After the dissappointing results from the last balloon, we decided to respin the boards to try and fix this GPS self-interference problem. We also decided to add a low-pass filter to try and keep the WSPR transmitter harmonics out of the GPS band. The new boards did not arrive in time for the Memorial Day weekend, so we decided to launch anyways.
After a day delay due to strong winds and high altitude clouds, we launched on the morning of Sunday May 30th 2021. The weather was beautiful. The launch party was Martin W6MRR, Robert K6RGG, and myself KF6ZEO. We launched again from the northwest corner of the Berkeley Marina.
The winds were gusting to 5 knots or so, and we had to wait for a few minutes for a lull in the winds to release the picoballoon. Even a very slow wind can make the balloons bend over almost to the ground. We released the picoballoon just after 8 am local time (1500 UTC).
Robert K6RGG took a video of the preparation and launch sequence:
Just after launch, I ran some flight path predictions with NOAA HYSPLIT. These forward trajectory predictions showed that the balloon would head almost directly south for 30 hours, then float northwest for 54 hours over Mexico and the Mid-West before reaching the Atlantic Ocean around 0900 on June 3rd UTC.
This flight was somewhat successful. The tracker transmitted for two days. Nothing was heard on the third day, but on the fourth day one packet was received when it was on the ground. The WSPR callsign was W6MRR. Each green dot in the map below is a WSPR station that received the balloon
I used the aprsWsprBridge.py script to pipe this information into the APRS network. The APRS callsign for this balloon was W6MRR-17. Remember that for APRS, this script puts the marker in the lower left corner of the Maidenhead gridsquare, not the center.
After launch, the tracker took about 45 minutes to power on, and we immediately started getting good data. The signal was much stronger than the previous picoballoon. It took 164 minutes to ascend from sea level up to 9900 meters (~32,400 ft), for an ascent rate of exactly 1 meter/second (198 feet/minute). This is a bit faster than the previous balloon's rate of 0.75 meters/second (~150 ft/min), but the final floating altitude was the same.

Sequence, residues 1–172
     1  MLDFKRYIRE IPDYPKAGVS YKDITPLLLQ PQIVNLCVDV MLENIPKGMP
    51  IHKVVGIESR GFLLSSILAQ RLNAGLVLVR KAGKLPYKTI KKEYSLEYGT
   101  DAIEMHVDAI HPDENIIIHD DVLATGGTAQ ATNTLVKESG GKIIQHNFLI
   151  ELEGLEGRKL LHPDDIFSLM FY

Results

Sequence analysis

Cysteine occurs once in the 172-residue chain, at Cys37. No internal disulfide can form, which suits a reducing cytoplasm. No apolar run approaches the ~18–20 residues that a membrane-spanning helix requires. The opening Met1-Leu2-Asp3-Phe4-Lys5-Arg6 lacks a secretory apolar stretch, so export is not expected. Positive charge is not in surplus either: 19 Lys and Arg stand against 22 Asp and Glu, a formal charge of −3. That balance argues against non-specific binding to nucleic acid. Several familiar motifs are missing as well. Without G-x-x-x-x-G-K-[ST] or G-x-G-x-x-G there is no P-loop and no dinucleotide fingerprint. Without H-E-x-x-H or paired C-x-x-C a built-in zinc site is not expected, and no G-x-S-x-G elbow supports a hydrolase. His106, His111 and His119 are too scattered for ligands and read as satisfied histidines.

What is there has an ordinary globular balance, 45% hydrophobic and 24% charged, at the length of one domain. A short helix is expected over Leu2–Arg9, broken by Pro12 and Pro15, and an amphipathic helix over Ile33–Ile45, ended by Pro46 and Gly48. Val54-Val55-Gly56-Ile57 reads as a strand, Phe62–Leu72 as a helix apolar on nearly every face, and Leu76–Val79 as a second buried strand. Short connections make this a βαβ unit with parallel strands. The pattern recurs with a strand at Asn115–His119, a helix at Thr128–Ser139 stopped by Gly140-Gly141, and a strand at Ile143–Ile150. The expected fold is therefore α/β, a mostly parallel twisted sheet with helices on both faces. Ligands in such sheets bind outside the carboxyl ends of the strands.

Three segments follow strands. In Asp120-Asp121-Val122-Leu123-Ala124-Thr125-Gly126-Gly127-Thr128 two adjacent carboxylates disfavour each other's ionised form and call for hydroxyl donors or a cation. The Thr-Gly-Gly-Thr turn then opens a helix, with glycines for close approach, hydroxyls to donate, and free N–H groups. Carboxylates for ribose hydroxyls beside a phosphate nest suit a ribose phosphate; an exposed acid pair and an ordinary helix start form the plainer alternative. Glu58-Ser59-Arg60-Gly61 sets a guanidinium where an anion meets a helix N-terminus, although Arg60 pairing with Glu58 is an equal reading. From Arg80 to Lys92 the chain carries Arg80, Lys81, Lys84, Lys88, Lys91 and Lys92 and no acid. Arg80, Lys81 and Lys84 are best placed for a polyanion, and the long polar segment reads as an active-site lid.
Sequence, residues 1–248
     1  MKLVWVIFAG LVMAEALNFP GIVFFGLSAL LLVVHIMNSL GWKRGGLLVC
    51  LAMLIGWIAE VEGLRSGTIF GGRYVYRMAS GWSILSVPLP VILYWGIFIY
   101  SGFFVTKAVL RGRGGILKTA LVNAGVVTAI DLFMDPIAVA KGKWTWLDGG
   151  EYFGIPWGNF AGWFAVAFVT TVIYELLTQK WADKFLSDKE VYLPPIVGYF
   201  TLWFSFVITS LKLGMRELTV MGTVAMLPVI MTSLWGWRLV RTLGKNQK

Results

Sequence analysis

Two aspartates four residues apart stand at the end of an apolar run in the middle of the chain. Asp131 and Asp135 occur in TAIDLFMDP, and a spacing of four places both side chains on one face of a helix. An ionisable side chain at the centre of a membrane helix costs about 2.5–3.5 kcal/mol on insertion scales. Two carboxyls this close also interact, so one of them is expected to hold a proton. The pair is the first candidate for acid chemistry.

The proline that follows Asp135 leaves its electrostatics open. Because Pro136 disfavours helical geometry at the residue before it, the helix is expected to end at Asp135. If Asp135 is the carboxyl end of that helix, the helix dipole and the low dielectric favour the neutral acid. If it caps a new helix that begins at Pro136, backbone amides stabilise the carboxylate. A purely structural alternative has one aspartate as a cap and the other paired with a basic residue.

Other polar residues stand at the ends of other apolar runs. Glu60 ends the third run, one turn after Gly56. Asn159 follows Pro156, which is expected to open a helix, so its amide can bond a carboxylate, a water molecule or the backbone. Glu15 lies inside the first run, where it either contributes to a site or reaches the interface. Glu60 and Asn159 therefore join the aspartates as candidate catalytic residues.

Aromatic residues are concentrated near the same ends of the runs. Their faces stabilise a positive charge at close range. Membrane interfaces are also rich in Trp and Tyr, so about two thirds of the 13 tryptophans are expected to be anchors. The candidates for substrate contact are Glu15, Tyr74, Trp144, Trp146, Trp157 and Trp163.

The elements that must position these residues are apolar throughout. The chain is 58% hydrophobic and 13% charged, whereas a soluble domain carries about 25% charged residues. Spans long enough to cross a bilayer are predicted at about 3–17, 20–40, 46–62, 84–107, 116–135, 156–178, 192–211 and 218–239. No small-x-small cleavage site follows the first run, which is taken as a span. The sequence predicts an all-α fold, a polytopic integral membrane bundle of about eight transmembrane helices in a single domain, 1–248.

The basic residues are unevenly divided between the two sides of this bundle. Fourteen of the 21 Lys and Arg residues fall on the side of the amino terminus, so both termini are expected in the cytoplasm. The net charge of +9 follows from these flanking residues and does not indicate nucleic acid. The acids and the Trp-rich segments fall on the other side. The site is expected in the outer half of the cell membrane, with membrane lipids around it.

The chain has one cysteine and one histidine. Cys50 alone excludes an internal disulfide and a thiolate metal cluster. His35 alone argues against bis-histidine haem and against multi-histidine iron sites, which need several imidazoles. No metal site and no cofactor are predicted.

After launch the balloon headed straight south for 720 km (~450 miles) before sunset, for an average speed of 75 kph (~50 MPH). The tracker transmitted 120 beacons on this day, which is almost three times more transmitted packets than the previous launch had in total. This is a map from wspr.rocks showing the path of the balloon and the location of received WSPR packets on this day. The furthest station recieving the 10 mW beacon was Gerry VE8GER up in Inuvik, NWT, Canada, approximately 3944 km (~2450 miles) away. Wow!
Overnight it flew another 800 km (~500 mi) south, before waking up in gridsquare CL94, approximately 1,000 km (~620 miles) off the coast of Baja California.
On Monday May 31st it flew all the way to the Baja California coast, transmitting at least 108 WSPR packets. The furthest station receiving our WSPR packets today was VK2COW outside of Canberra, Australia, about 11,687 km (~7,300 miles) away.
The balloon was not heard on Tuesday June 1st 2021.
On Wednesday June 2nd, one packet was received by the amazing KFS WebSDR (PDF) located in Half Moon Bay, California. The balloon reported it was 900-2100 meters (~3,000 to 6,800 ft) in altitude, which probably means that it was on the ground. One balloon had probably burst and it had slowly descended, maybe even landing on a bush or tree. This area of Mexico is high desert, with an elevation of around 3,500 ft. This single packet was the last one received from this balloon ever.
Comparing our actual flight trajectory with the GFS forecast made just after launch, our actual flight path was pretty close to the prediction. While the balloon did follow the location pretty closely, the timing was a bit off. The balloon was flying directly east by around 1500 UTC on May 31st, but according to the model that should have happened around 0000 on June 1st, for a difference of about 9 hours.
The green lines in the map below show the actual flight path of the balloon, with the dashed lines where no actual flight data exists. Next launch, I will run predictions when the balloon turns off for the night. This should give us a much better next-day prediction of where the balloon should be.
While this picoballon was much more successful than our last launch, we still haven't reached our goal of floating around the world. We're planning on launching again soon, hopefully we'll reach our goal!
All of the WSPR data is saved in a spreadsheet here.